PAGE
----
Alice,unaccustomedtofiction,gaveahesitating“Yes,”atwhichherhostess
looked pleased. “He is very clever, you know,” she said, “and has been very
usefultomeonmanyoccasions.”
Aliceaskedhisoccupation.
“Oh,hehasdonemanythings.Hehasbeenverybraveandquitethemakerof
his own fortunes. He educated himself, and then I think he edited some
Nonconformist paper. Then he went into politics, and became a Churchman.
Some old man took a liking to him and left him his money, and that was the
condition.SoIbelieveheisprettywelloffnowandiswaitingforaseat.Hehas
been nursing this constituency, and since the election comes off in a month or
two,weaskedhimdownheretostay.Hehasalsowrittenalotofthingsandhe
is somebody’s private secretary.” And Lady Manorwater relapsed into
vagueness.
Thegirllistenedwithoutspecialinterest,savethatshemodifiedher verdict
onMr.Stocks,andallowed,somedegreeofrespectforhimtofindplaceinher
heart. The fighter in life always appealed to her, whatever the result of his
struggle.
Then Lady Manorwater proceeded to hymn his excellences in an
indeterminate, artificial manner, till the men came into the room, and


conversationbecamegeneral.LordManorwatermadehiswaytoAlice,thereby
defeatingMr.Stocks,whotendedinthesamedirection.“Comeoutsideandsee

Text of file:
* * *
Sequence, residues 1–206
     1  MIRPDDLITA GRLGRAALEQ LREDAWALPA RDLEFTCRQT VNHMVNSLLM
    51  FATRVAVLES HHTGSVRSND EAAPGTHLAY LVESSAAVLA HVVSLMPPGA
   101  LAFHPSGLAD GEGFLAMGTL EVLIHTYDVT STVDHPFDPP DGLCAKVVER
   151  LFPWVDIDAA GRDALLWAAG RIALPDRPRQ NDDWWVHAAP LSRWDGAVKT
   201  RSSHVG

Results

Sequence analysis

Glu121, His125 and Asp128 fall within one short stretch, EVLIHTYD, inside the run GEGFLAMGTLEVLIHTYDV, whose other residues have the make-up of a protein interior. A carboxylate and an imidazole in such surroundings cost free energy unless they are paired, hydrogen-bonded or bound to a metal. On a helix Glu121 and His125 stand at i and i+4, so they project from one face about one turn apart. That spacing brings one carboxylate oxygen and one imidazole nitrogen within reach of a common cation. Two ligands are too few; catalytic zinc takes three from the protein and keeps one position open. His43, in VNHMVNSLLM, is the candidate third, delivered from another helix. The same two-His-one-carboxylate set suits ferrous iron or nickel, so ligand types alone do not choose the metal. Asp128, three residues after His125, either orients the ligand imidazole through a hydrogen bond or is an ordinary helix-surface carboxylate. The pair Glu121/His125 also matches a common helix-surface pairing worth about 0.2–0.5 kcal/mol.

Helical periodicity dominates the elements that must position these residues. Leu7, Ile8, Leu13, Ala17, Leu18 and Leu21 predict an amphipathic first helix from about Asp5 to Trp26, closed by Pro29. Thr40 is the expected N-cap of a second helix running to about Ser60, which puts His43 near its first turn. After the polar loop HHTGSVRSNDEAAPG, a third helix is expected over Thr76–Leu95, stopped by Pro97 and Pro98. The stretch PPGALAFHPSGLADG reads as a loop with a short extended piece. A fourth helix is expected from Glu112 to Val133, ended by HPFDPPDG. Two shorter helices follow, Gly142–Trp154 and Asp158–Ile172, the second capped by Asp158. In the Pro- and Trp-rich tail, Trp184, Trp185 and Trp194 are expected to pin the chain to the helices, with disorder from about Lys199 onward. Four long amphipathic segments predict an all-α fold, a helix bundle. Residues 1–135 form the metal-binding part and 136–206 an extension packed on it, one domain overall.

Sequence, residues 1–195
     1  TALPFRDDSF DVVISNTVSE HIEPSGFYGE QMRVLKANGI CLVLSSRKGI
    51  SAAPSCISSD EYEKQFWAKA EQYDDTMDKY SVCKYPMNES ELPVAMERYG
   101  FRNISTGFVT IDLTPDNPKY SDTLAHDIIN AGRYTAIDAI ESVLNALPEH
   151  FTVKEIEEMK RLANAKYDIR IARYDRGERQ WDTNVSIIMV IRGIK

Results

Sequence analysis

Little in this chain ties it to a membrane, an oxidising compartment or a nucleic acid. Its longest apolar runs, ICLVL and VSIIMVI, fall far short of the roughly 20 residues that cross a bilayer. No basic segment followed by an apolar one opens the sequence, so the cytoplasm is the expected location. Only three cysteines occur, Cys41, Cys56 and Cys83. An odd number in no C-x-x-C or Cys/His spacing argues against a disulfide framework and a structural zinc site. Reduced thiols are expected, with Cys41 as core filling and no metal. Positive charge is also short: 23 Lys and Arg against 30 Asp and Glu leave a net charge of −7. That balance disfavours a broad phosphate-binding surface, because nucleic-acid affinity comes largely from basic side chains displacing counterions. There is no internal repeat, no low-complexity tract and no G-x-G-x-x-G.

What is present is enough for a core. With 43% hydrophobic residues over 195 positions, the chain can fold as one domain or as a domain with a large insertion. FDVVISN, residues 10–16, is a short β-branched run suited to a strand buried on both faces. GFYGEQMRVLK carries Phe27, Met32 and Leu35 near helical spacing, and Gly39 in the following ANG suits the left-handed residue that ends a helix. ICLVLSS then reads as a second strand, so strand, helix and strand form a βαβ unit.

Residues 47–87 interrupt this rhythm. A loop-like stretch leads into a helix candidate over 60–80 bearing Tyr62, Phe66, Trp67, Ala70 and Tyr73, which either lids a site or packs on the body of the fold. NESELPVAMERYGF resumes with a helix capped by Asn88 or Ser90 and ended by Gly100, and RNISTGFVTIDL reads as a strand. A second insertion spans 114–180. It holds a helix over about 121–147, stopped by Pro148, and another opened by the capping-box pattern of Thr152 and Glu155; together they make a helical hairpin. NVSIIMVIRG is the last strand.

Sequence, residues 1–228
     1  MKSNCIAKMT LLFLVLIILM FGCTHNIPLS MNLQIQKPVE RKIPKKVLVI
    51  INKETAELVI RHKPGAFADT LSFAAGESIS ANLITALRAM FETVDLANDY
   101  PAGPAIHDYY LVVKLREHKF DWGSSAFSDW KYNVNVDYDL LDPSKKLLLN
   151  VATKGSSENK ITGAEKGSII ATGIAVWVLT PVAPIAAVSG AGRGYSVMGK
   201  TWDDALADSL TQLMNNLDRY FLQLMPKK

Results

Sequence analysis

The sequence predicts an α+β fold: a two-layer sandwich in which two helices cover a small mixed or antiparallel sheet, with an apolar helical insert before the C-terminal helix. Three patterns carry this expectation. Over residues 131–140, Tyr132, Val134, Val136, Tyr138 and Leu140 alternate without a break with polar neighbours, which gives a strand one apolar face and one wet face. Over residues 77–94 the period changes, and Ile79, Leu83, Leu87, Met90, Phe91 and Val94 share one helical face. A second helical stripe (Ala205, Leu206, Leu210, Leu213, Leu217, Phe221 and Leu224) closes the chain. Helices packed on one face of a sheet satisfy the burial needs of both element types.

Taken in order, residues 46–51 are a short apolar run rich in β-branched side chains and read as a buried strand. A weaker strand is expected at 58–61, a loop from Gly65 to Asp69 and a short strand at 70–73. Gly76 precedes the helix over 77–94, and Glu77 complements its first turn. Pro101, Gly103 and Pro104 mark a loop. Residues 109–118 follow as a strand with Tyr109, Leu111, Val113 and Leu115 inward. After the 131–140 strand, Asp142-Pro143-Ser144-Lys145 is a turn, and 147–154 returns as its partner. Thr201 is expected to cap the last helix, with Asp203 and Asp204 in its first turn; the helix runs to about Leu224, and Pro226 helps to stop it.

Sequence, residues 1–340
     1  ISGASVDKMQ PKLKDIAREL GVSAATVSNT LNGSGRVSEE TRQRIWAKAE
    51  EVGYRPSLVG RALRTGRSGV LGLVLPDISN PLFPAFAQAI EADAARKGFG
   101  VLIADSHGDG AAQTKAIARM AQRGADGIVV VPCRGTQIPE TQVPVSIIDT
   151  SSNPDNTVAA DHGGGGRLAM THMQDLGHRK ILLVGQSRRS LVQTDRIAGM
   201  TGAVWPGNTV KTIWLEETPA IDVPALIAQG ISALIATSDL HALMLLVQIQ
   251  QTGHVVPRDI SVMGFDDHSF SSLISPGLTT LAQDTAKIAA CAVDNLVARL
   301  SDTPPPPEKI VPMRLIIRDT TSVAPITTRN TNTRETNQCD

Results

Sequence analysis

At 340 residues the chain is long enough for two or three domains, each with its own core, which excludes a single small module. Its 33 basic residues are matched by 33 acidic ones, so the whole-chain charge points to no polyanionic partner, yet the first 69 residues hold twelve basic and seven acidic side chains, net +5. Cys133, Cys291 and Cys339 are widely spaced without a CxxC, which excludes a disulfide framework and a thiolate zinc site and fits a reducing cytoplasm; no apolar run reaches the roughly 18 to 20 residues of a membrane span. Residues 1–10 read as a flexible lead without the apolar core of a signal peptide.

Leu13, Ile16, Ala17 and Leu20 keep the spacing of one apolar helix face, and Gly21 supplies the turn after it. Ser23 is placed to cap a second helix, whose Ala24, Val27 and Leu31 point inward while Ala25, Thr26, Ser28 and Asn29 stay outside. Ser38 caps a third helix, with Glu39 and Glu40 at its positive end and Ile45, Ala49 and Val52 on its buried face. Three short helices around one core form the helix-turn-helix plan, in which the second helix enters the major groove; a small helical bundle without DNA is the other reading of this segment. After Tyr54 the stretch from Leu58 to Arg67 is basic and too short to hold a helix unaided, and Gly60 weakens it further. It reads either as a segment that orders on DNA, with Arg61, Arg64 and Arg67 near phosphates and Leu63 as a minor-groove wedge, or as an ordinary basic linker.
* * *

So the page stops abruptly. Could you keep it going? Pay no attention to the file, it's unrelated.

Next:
things,MissWishart,”hesaid.“It’sashametomissaGlenavelineveningifit’s
fine.Wemustappreciateourrarities.”
AndAlicegladlyfollowedhimintothestillairofduskwhichmadehilland
tree seem incredibly distant and the far waters of the lake merge with the
moorland in one shimmering golden haze. In the rhododendron thickets sparse
blooms still remained, and all along by the stream-side stood stately lines of
yellowirisabovethewhitewater-ranunculus.Thegirlwassensitivetomoodsof
seasonandweather,andshehadalmostlaughedattheincongruityofthetwoof
theminmodernclothesinthisfitsettingforanoldtale.DickonofGlenavelin,
theswornfoeoftheLordofEtterick,onsuchnightsasthishadriddenupthe
waterwithhisbandstoaffrontthequietmoonlight.Andnowhisdescendantwas
pointingoutdimshapesintheparkwhichhesaidwereprizecattle.
“Whew!whatawearinessiscivilization!”saidtheman,withcomicaleyes.
“We have been making talk with difficulty all the evening which serves no
purpose in the world. Upon my word, my kyloes have the best of the bargain.
AndinamonthorsotherewillbetheelectionandIshallhavetogoandrave—
thereisnootherwordforit,MissWishart—raveonbehalfofsomefoolorother,
andtalkRadicalismwhichwouldmakeyourfriendDickonturninhisgrave,and
be in earnest for weeks when I know in the bottom of my heart that I am a
humbugandcarefornoneofthesethings.Howlightlypoliticsandsuchmatters
sitonusall!”
“Butyouknowyouaretalkingnonsense,”saidtheseriousAlice.“Afterall,
thesethingsarethemostimportant,fortheymeandutyandcourageand—and—
allthatsortofthing.”
“Right,littlewoman,”saidhe,smiling;“thatiswhatStockstellsmetwicea
day,but,somehow,reproofcomesbetterfromyou.Dearme!it’sasadthingthat
amiddle-agedlegislatorshouldbereprovedbyaverylittlegirl.Comeandsee